B. Pride and Class: Is Jane Austen Reinforcing or Challenging Societyas Views on Class in Pride and Prejudice?



In Pride and Prejudice, one of the most important social issues that Jane Austen scrutinizes is class. However, exactly what are Austenas views on class as revealed in the novel? For example, does she seem to approve ofa or not to approve ofa the practice of judging people (positively or negatively) because of their class (as seen in her presentation of characters who do make such judgments), does she seem to agreea or not to agreea with the idea that a characteras class is necessarily linked to his or her moral character, does she seem either to favor or to look down upon certain classes, and to what extent does she seem to believe that class shoulda or should not limita whom a person can marry? Considering these questions, argue for whether they show Austen either reinforcing societyas views on class during her time or else challenging societyas views on class during her time (or perhaps botha and if so, in which areas and to what extent).





C. Pride, Prejudice, and Premarital Sex: Is Jane Austen Reinforcing or Challenging Societyas Views on Fallenness in Pride and Prejudice?



In Pride and Prejudice, one of the most interesting social issues that Jane Austen scrutinizes is fallenness, which is the ostracized state that women enter by having premarital sex or committing adultery. However, exactly what are Austenas views on fallenness as revealed in the novel? For example, does she seem to approve ofa or not to approve ofa premarital sex (as seen in her presentation of the character who falls), does she seem to endorsea or not to endorsea harsh punishment for premarital sex (as seen in her presentation of characters who call for such punishment), does she seem to approve ofa or instead to make look unfaira the guilt-by-association experienced by the family members of the fallen woman, and does she seem to absolvea or instead to condemna the man in the relationship? Considering these questions, argue for whether they show Austen either reinforcing societyas views on fallenness during her time or else challenging societyas views on fallenness during her time (or perhaps botha and if so, in which areas and to what extent).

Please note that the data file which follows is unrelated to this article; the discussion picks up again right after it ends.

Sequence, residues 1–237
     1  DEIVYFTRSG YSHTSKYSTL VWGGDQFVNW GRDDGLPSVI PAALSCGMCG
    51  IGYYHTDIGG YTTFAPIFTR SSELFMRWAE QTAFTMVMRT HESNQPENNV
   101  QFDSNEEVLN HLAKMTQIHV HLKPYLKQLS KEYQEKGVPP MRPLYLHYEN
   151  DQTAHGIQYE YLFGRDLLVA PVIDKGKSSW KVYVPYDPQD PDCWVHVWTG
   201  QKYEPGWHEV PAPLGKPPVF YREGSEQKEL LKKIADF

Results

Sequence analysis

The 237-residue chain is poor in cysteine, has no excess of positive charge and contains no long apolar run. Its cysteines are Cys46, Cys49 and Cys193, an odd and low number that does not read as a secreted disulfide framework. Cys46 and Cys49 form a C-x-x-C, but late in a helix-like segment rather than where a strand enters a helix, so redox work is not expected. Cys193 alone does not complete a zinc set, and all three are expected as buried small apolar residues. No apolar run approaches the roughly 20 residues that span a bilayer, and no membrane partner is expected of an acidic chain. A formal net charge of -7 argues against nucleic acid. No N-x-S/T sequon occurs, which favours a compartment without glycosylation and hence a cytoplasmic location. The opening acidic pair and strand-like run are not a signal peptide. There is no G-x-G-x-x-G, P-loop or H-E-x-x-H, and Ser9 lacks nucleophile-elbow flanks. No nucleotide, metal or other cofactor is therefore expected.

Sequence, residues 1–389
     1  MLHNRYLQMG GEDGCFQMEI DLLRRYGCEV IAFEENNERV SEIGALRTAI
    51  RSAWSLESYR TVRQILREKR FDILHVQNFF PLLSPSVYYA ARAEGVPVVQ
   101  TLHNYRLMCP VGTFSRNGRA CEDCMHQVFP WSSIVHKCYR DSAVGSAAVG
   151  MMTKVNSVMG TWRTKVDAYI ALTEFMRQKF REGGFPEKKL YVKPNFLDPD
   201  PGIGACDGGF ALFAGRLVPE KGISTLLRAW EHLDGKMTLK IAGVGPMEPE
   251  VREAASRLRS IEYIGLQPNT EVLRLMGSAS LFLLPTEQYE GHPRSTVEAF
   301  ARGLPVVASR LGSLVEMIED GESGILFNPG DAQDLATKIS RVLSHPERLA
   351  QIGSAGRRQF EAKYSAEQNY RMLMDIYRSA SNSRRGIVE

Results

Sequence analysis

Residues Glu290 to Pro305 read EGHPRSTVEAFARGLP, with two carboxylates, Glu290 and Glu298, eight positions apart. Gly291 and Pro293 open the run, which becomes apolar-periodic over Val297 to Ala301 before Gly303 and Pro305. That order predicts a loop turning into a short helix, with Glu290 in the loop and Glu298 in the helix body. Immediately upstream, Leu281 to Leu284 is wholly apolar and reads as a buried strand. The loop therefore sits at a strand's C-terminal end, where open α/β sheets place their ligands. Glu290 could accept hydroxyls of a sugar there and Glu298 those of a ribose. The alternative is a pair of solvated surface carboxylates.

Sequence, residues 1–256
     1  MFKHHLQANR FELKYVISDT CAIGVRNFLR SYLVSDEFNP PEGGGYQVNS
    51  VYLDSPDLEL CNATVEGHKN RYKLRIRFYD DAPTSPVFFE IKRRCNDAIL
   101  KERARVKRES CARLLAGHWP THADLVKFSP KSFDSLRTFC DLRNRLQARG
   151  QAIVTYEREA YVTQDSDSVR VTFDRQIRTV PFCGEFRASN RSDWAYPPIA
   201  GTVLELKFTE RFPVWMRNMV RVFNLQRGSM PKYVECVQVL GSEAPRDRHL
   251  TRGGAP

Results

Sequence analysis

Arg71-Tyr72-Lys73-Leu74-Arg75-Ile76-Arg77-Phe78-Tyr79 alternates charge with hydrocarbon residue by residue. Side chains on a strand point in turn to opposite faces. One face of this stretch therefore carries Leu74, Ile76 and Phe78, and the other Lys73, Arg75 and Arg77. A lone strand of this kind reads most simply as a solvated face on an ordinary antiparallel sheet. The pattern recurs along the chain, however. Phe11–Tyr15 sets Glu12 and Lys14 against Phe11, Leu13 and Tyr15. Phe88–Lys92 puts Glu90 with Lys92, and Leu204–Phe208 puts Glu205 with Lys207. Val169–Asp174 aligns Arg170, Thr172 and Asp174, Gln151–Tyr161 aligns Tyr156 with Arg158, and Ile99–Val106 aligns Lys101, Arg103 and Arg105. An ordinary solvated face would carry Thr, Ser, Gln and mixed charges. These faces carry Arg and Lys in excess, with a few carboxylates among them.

D. a?So odd a mixturea?: Is Mr. Bennet a More of a Good Father or More of a Bad One in Pride and Prejudice?



Mr. Bennet is one of the funniest characters in Pride and Prejudice, appearing as the a?cool dada? of the novel, but is he more of a good father or more of a bad one? On the one hand, one could argue that he is more of a good father: that he lessens the drama and tension in the Bennet household through his use of humor, that he allows his children the freedom to make their own choices, including about marriage, that at least some of his daughters turn out well and behave in an exemplary manner, that he acknowledges and learns from his mistakes as a father, that the bad things that happen in his family are not really his fault, but rather the fault of others or simply beyond his control, and that, in the end, things do not end up so badly for his family after all. On the other hand, one could argue that he is more of a bad father: that he is distant and disengaged from his family, that he does a poor job of disciplining and protecting his daughters, that he fails to be a good financial provider for his family, that he sets a bad example with his own marriage, that he shows favoritism toward some of his daughters, that some of his daughters do not turn out so well and are not well behaved, and that it is only because other people intervene that the consequences of his bad fathering do not end up hurting his family. Considering these issues, argue for whether you believe that Mr. Bennet is more of a good father or more of a bad one.